We decided to take a hard look at our lives and really decide what was important to us and what fell within the intersection Jim Collins was talking about to see what we should focus on. What we found did not surprise us, what surprised us was how much we were already living much of that out with two major areas we need to improve on. We created our family's mission statement which for us we are calling a "hedgehog concept" because Collin's book affected us both and that articulates so much to us.
For us we created a mission statement, a family bible verse and then 6 goals we want to further as a family. When we make decisions we will look at that list and see how each area is affected before making a decision, from the big to the small. We found that in many ways we are already doing that but there are places we need to improve. For us this sort of purposeful living is the way to a peaceful, balanced and happy life. It is a way to move forward towards our goals and remove the clutter and stumbling blocks in our way.
I recommend that you sit down as a family and think through some of these things for yourself and come up with your family's goals. As an example I will post the brief summary of our family's goals here:
MISSION: Living Intentionally not Reactionary through Discipline and Balance
FAMILY VERSE: "But if serving the LORD seems undesirable to you, then choose for yourselves this day whom you will serve...But as for me and my household, we will serve the LORD ." Joshua 24:15
1. Be a light for Christ
2. Increase Family Relationships
marriage, siblings, parent-child, family to family
3. Promote Health of Family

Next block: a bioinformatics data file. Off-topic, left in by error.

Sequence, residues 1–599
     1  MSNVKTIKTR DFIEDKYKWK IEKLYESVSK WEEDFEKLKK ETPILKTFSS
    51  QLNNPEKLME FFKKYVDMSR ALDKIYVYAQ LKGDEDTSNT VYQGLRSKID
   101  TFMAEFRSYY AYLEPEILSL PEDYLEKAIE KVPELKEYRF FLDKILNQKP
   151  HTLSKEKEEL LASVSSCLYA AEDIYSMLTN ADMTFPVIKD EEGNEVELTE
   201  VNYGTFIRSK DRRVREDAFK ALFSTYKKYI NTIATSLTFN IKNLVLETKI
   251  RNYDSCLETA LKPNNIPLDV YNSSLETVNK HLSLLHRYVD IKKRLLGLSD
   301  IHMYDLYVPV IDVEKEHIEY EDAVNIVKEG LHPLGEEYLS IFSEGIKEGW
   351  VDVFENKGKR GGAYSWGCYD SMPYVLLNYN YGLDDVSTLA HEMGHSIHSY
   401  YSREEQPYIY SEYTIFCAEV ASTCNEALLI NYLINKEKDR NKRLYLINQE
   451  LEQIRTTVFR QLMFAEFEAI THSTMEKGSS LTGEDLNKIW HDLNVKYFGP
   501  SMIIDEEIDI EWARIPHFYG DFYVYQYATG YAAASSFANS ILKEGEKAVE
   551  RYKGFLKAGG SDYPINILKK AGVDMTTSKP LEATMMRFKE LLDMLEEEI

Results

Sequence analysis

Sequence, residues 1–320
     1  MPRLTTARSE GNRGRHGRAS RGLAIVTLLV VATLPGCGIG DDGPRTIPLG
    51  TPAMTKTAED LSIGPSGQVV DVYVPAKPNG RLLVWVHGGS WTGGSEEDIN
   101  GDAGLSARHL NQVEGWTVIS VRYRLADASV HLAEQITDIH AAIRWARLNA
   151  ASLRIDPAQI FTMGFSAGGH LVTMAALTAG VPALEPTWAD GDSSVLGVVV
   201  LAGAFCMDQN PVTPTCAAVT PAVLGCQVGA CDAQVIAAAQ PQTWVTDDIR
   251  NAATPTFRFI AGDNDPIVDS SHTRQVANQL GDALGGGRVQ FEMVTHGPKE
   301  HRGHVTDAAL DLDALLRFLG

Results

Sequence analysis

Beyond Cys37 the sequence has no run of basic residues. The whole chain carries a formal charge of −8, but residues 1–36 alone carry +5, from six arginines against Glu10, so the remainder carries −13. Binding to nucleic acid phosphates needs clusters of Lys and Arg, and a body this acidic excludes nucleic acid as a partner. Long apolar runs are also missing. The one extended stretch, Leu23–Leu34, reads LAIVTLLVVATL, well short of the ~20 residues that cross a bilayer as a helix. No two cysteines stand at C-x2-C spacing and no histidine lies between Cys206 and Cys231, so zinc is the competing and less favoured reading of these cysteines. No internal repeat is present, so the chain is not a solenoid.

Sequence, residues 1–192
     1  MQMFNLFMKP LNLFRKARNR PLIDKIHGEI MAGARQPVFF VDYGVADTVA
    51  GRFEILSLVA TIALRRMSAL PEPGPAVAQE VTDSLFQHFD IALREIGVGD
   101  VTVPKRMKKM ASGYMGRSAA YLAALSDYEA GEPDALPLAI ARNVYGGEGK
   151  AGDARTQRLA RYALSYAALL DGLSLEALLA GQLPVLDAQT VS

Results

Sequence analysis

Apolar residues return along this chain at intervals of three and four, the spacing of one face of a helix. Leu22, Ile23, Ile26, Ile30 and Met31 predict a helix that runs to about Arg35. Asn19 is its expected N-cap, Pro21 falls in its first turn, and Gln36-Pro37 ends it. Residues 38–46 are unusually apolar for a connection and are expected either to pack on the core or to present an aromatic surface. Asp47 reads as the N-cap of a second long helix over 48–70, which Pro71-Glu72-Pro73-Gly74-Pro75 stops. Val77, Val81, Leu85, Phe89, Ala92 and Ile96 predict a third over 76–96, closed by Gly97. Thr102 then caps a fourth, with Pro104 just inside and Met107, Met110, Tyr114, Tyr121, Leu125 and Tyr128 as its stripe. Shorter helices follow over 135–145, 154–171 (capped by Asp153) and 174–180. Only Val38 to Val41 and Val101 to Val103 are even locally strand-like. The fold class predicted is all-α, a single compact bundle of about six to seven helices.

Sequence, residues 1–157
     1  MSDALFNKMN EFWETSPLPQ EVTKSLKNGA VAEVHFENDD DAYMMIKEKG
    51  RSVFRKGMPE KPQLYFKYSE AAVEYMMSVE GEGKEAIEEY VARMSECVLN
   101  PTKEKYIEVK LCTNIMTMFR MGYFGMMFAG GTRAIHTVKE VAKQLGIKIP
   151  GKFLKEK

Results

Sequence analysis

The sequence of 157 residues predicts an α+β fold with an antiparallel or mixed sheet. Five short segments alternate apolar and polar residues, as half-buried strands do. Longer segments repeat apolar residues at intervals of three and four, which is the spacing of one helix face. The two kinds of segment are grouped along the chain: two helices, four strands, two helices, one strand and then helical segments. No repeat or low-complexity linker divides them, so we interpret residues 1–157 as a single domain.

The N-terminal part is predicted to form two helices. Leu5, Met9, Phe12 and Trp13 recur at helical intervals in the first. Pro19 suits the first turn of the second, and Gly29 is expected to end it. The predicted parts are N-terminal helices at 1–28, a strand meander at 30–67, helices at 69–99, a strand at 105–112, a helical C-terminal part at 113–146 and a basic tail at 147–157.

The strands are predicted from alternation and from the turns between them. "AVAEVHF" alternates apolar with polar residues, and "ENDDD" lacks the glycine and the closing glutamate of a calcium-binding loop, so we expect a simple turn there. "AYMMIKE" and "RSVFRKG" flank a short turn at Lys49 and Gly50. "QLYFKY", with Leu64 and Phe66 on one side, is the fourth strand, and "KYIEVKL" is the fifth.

exercise, nutrition, decrease stress
4. Financial Responsibility
get out of debt, prepare for future, 30 day purchase test
5. Promote Homeschooling
lifetime learning and love of learning for all family members
6. Advance Writing Goals
carving time for both writers, prioritizing over other hobbies and interests
I am sure that your family's goals will not look at all the same, but the important thing is to think about them, write them down and then start living by them. When you have done this you have a clear purpose to focus on and deciding what should and should not be included becomes very obvious and easy to see. Then the job of follow through is the challenge. I agree with Jim Collins that one of the biggest stumbling blocks to becoming great is being good. When we are good at something we often allow ourselves to stay there and stop working towards being great. Remember the old adage from Mother Goose many of teach our children: "Good, better, best: never rest till “good” be “better” and “better” best. Let us remember that ourselves and live it out in our personal, family, home, work and homeschooling lives.
Good luck in your purposeful life and thanks for being a part of ours!
December 16, 2004
For those unfamiliar with the tale, three soldiers go to a town looking for food and lodging and the town hides their food and lies to them, claiming to have none. Then the soldiers decide to make stone soup with water and three stones, they start stirring it up and mention different ingredients that would make it better. One by one people bring one ingredient at a time until they make a complete meal and share it. So each child brought an ingredient to share. We did not follow the exact recipe of the book as we have vegetarians (our family) and a dairy allergy. So we modified it as needed.
After reading and talking about the story, we washed hands and then we sat them all at the table. I called the ingredients out one by one and the person who brought it would come forward and add it to the pot (complete process: washing, peeling, cutting, adding to pot). Meanwhile the other kids were sitting at the table working on a book I made them with blank sheets and they had markers. On each page of the book they wrote an ingredient name and drew a picture of it and noted any observations they had. I made traceable letter printouts for the youngest in our group. We had our easel upstairs and the older kids took turns writing the ingredient name on the board so everyone could see how to write and spell it for their books. The children passed around each ingredient as it was prepared so they could see what it looked, felt, smelled and tasted like before it was added to the soup. Periodically we would show them the soup pot so they could see how it progressed. This system seemed to work well and we often had several ingredients going at one time. The older kids and moms helped with cleanup and then we waited.